The whole dashes instead of quotation marks might not appear to be a big nuisance in small snippets, but when it's consistent throughout a large book, it really throws me off. It jolts me out of the dialogue.

final verdict: FAIL


my thoughts: The instances I've come across have been brillamazing. I really like it as a stylistic technique--and the combined words only pop up every once in a while but they have extra impact.

Here's Cormac McCarthy in All the Pretty Horses:

The wind was much abated and it was very cold and the sun sat blood red and elliptic under the reefs of bloodred cloud before him.


And here's Toni Morrison in The Bluest Eye:

Hereisthehouseitisgreenandwhiteithasareddooritisverypretty itisveryprettyprettyprettyp

It might lose it's impact separated here, but as chapter titles and as the opening of the novel it's wonderful.

The closest thing to the whole making up new words/combining them technique I've found in YA is in Wintergirls by Laurie Halse Anderson, when a whole 2 pages in the middle of the book runs:

Must. Not. Eat. Must. Not. Eat. Must. Not. Eat.Must. Not. Eat.Must. Not. Eat.Must. Not. Eat.

It might not seem like much taken out of context here, but as it functions in the book, this shows the thought process of the main character and it just has so much impact.

The Verdict: WIN for Adult lit. Hopefully there will be some more in YA lit soon.


my thoughts: It's actually pretty cool, the two or three times I've read it in a book.

In This Side of Paradise by F. Scott Fitzgerald, I really liked it. That was one of my literature week books that I had to read in one day, and by the 2/3 point I was getting restless. So the dramatic form really broke it up for me in an interesting way.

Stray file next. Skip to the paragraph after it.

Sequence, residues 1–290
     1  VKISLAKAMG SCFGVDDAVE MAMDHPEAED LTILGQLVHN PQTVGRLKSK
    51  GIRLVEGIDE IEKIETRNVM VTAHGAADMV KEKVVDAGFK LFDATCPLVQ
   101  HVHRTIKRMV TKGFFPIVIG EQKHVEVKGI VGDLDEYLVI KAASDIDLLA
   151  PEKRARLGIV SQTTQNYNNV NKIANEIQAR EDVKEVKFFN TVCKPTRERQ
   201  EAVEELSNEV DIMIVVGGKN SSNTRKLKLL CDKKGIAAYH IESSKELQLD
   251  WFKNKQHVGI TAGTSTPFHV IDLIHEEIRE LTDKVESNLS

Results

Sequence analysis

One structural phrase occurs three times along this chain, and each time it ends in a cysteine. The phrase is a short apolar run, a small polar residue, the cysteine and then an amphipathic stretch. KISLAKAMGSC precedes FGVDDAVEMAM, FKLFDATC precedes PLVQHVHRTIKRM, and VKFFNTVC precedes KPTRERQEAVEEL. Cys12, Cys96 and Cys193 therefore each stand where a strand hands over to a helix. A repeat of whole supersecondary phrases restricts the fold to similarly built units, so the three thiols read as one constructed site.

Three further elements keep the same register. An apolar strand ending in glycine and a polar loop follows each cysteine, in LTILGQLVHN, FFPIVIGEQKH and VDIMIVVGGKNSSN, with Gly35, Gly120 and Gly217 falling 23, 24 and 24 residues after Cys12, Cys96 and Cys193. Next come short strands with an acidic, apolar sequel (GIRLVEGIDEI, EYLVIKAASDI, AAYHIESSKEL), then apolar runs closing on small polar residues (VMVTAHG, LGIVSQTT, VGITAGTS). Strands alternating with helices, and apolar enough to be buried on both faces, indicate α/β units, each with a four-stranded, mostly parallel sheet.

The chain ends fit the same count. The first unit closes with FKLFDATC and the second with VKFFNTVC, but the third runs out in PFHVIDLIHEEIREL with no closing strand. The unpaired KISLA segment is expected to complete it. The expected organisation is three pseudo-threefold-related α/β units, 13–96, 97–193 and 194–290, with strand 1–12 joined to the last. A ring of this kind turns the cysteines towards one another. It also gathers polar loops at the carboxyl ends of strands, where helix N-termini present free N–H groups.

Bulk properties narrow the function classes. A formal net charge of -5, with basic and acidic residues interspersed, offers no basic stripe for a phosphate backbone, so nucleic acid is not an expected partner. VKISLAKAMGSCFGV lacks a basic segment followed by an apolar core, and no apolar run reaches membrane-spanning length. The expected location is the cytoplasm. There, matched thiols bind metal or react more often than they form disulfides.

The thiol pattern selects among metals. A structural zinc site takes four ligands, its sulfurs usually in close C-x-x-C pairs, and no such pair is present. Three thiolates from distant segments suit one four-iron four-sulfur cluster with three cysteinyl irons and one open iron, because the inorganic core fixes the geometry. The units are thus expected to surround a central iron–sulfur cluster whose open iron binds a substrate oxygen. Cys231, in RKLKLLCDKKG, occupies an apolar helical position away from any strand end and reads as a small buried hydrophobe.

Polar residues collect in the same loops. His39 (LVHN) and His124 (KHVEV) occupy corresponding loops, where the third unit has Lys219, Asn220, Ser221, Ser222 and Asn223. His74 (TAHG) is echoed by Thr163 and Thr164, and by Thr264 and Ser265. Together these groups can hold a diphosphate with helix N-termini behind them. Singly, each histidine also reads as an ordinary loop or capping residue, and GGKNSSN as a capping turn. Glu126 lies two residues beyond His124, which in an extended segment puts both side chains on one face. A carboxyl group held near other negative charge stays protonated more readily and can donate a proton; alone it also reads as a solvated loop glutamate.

CECILIA: Well, Rosalind has still to meet the man she can outdistance. Honestly, Alec, she treats men terribly. She abuses them and cuts them and breaks dates with them and yawns in their faces--and they come back for more.

ALEC: They love it.

CECILIA: They hate it. She's a sort of vampire--I think.


And Laurie Halse Anderson uses it both in Speak and Wintergirls.

quote (from Speak, Victim is the main character):

Mom: "...[l]ook at me when I'm talking to you."

[Victim mixes cottage cheese into applesauce. Dad snorts like a bull. Mom grasps knife.]

my thoughts: If it's done right, it can be awesome. There's so many different ways to experiment with plot structure and point of view and chapter divisions.

I love the headings in The Book Thief (and I love pretty much everything in that book) by Markus Zusak:

"When he turned the light on in the small, callous washroom that night, Liesel observed the the strangeness in her foster father's eyes. They were made of kindness, and silver. Like soft silver, melting. Liesel, upon seeing these eyes, understood that Hans Hubermann was worth a lot.


She was five feet, one inch tall and wore her
browny gray strands of elastic hair in a bun.
To supplement the Hubermann income, she did the washing
for the wealthier households in Molching.